GSC Guide for Grad Student Organizations and Department Council Reps

This is a short, informative page on the fundamentals of relationships between the Graduate Student Council (GSC), the Council Reps for departments, and departmental graduate student associations.

The GSC exists to enhance the overall graduate experience at MIT. We promote the general welfare and concerns of the graduate student body, create new programs and initiatives to provide opportunities for growth and interaction, and communicate with the MIT administration and faculty on behalf of all graduate students on issues from stipend recommendations to operation of the Muddy Charles Pub.

The GSC works closely with the departmental graduate student bodies and associations through GSC department representatives, and GSC department representatives are expected to participate in a few specific roles outlined below.

GENERAL COUNCIL

The General Council is the GSC’s highest collective body. It comprises representatives from departments, dorms, off-campus students, and other groups. It meets monthly (usually the first Wednesday of the month @ 5:30pm), and a representative from each department is required to attend the meetings.

Each department’s graduate student body selects their GSC Council Representatives each year according to their own leadership calendars and practices. Council representatives attend a monthly Council meeting to discuss matters on campus and vote on Statements, actions, leadership members and committee structures. 

If a Department Representative cannot attend a General Council Meeting (GCM), they are required to submit a proxy representative through this form from the same constituency to act and vote in their place. Missing three consecutive GCMs without a proxy is grounds for removal as a Council Representative, and the departmental student governing association will be contacted to ask for a replacement.

Please refer here to learn more about being a Council Rep, and check this page to see the current representative(s) in your department and ensure you’re represented. If you have any questions, please contact the GSC Vice President (gsc-vp@mit.edu).

 

COMMITTEES

Any graduate student at MIT can join any of the GSC Committees, according to their interests. They are listed here. Below, we will highlight a few specific committees whose goals and aims align generally with several departmental groups and which we encourage departmental reps and organizations to get involved in.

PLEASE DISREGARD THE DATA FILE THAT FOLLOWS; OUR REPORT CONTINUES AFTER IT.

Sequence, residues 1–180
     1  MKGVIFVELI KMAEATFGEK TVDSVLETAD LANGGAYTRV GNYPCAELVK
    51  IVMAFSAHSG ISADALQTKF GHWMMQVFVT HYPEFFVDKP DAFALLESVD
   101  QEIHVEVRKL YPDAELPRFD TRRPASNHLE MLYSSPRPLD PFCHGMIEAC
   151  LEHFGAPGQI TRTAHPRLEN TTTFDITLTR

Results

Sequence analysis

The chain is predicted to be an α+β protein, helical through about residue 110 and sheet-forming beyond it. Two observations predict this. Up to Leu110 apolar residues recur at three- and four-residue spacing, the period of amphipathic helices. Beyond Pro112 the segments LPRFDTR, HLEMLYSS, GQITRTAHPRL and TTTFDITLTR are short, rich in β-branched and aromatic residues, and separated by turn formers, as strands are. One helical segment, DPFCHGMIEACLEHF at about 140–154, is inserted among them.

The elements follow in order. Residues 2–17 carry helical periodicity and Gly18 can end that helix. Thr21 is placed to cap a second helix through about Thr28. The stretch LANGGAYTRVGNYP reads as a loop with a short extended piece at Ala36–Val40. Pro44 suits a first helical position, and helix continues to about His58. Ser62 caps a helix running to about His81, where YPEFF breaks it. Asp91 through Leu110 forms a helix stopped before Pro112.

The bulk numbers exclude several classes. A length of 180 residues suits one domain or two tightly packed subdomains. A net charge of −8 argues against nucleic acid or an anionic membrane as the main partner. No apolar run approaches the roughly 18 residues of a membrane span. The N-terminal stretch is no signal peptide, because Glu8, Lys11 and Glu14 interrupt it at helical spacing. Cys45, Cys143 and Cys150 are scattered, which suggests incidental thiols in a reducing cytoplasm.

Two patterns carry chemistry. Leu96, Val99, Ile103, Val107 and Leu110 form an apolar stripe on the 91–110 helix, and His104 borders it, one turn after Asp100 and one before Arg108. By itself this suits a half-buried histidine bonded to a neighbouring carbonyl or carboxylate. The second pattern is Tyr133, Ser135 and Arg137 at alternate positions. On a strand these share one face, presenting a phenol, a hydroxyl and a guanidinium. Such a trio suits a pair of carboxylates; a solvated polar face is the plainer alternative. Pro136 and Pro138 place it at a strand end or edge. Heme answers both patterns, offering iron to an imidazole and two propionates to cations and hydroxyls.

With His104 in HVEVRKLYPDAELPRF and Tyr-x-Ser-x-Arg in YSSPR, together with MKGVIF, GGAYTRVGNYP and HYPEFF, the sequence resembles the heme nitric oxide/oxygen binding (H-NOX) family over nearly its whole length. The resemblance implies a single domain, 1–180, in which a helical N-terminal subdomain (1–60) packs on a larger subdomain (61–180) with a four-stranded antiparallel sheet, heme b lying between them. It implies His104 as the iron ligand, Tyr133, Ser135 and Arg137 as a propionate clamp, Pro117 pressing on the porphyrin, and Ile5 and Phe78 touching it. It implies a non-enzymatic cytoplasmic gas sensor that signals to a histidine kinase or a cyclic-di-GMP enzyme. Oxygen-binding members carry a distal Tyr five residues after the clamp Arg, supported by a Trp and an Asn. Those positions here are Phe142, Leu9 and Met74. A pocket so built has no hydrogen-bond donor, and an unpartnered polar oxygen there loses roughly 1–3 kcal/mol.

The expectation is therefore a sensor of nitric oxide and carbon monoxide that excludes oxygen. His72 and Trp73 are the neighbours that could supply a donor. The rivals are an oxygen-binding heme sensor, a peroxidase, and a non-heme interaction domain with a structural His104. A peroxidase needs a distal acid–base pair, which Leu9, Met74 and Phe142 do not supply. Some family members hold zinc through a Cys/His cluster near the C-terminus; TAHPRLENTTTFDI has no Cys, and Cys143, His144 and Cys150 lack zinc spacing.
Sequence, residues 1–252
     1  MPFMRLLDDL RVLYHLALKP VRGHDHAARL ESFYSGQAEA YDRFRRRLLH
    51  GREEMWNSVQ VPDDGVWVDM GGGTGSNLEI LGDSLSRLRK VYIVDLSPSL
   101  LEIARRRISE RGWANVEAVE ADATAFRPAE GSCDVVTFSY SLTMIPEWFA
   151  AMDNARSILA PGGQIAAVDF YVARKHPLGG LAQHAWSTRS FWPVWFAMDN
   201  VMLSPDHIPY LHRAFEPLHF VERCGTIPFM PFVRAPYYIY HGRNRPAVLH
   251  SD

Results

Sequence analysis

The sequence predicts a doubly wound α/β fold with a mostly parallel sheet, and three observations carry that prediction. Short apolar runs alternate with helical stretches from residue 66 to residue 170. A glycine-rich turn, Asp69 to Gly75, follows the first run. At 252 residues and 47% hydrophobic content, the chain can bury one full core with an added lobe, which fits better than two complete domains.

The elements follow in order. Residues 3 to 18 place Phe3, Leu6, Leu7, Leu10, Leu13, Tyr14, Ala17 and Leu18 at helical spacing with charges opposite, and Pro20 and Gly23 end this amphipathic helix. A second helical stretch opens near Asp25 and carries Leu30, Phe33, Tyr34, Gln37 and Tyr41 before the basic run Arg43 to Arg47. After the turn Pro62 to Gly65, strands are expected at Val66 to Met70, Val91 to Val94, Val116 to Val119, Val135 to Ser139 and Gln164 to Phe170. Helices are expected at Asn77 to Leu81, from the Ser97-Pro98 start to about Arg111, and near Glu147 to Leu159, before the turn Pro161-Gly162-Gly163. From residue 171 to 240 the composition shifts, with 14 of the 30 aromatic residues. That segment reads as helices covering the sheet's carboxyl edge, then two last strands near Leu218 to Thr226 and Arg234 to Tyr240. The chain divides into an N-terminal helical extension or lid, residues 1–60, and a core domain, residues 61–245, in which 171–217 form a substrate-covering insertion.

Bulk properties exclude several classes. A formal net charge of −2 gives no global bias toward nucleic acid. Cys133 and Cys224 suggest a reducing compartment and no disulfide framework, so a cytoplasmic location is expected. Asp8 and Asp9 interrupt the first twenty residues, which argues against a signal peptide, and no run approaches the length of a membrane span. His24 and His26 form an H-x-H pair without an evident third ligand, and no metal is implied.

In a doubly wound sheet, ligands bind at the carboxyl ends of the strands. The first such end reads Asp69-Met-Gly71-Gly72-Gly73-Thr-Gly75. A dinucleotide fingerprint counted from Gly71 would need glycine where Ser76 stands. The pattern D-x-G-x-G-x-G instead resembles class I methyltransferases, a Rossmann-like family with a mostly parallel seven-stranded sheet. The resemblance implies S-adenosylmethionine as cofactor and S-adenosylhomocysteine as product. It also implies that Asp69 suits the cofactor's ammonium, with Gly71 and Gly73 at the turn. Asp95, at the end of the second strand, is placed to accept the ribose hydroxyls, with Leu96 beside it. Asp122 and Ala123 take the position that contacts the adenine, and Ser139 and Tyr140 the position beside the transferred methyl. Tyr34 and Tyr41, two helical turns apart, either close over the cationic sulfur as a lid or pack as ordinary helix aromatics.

ACADEMICS, RESEARCH AND CAREERS (ARC)

The GSC’s committee on Academics, Research, and Careers (ARC) spearheads initiatives and events aimed at improving professional and academic life at MIT. ARC is responsible for pursuing academic and career-related advocacy issues for the GSC. To this end, ARC hosts a variety of events for graduate students, ranging from small networking events to large campus-wide career panels.

Some of the events and programs organized by ARC are:

  1. Academic Career Series: career panel series for academic jobs, finding a postdoc, and exploring non-conventional PhD career opportunities
  2. Professional Development Skills Workshop: workshops for career skills including communication, leadership, conflict management, improv, and networking
  3. Professional Development Exploration Grant: ARC offers funding to students to explore a professional development opportunity in an area outside their academic or research focus
  4. Travel Grants: ARC funds conference travel expenses that are not currently funded by the student’s advisor or other MIT-related funding
  5. Dissertation Boot Camp: ten days of quiet time thesis writing, coffee and breakfast, and workshops and mentors on wellness, writing, etc.

 

SUBCOMMITTEES

Advising Initiative

ARC Advising Initiative is working with MIT’s academic departments and administrative offices to enhance the research advising experience for grad students. While working with the advising initiative, you will interact with graduate department chairs and administrators, as well as collect information from graduate students and student councils through surveys or forums.